AP Twitter hack is yet another reminder that social media isn’t simply banal messages about breakfast between teenagers, but that it can have massive, real world consequences.
Our trust of social media has reached new levels. It’s amazing that things like social media have gone from something the ‘kids do’ to affecting how the market operates.
This response also highlights that humans have a built in truth bias to believe what others say. Although there is a lot of suspicion about the Internet in general, the truth bias is alive and well with social media.
Read more: http://www.usatoday.com/story/news/nation/2013/04/23/hack-attack-on-associated-press-shows-vulnerable-media/2106985/
Jeff Hancock, a professor of communication and of computer and information science at Cornell University, is a frequent social media analyst on national news shows and co-author of a landmark study on honesty in online communications.
Shoals Marine Lab’s “flagship” research vessels: R/V John M. Kingsbury and the R/V John B. Heiser docked in Portsmouth, NH. Photo by Shoals staff member, Dr. Jim Coyer.
Shoals Marine Laboratory is a seasonal marine field station located on Appledore Island Maine. Appledore Island is the largest of the Isles of Shoals archipelago, a group of rocky islands just offshore of the border between Maine and New Hampshire. The laboratory is cooperatively operated and maintained by Cornell University and the University of New Hampshire.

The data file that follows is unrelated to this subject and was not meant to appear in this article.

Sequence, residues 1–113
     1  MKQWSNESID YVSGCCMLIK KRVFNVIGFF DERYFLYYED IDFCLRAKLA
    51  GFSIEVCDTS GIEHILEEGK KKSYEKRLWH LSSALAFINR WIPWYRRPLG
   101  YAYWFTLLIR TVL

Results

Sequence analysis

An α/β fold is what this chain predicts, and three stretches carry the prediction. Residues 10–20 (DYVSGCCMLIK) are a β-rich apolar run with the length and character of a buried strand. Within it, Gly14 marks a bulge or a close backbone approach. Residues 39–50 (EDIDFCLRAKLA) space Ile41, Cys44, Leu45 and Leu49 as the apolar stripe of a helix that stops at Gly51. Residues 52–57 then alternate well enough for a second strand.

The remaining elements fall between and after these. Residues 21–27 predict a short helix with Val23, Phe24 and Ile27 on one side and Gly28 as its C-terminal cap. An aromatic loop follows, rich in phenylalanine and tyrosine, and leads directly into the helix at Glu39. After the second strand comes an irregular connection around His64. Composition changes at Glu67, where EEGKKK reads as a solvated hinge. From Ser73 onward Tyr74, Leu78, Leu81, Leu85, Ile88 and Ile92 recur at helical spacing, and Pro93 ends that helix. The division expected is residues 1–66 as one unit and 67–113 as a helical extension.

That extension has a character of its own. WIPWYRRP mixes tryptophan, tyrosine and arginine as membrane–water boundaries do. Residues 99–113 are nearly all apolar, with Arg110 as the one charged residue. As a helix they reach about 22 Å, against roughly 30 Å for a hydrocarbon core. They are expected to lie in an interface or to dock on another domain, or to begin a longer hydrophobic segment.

Shoals Marine Lab’s “flagship” research vessels: R/V John M. Kingsbury and the R/V John B. Heiser docked in Portsmouth, NH. Photo by Shoals staff member, Dr. Jim Coyer.

Shoals Marine Laboratory is a seasonal marine field station located on Appledore Island Maine. Appledore Island is the largest of the Isles of Shoals archipelago, a group of rocky islands just offshore of the border between Maine and New Hampshire. The laboratory is cooperatively operated and maintained by Cornell University and the University of New Hampshire.

Did you know that virtually all ‎broccoli‬ sold in grocery stores across the U.S. comes from California? Thomas Björkman, associate professor of horticulture, aims to change all that. As principle investigator on the USDA-funded Eastern Broccoli Project, Thomas’ research is dedicated to developing the sweet, crisp nutritional dynamo we know as fresh local broccoli for those of us on this side of the country to enjoy. Check out this great New York Times profile to find out more.
via College of Agriculture and Life Sciences

Did you know that virtually all broccoli‬ sold in grocery stores across the U.S. comes from California? Thomas Björkman, associate professor of horticulture, aims to change all that. As principle investigator on the USDA-funded Eastern Broccoli Project, Thomas’ research is dedicated to developing the sweet, crisp nutritional dynamo we know as fresh local broccoli for those of us on this side of the country to enjoy. Check out this great New York Times profile to find out more.

via College of Agriculture and Life Sciences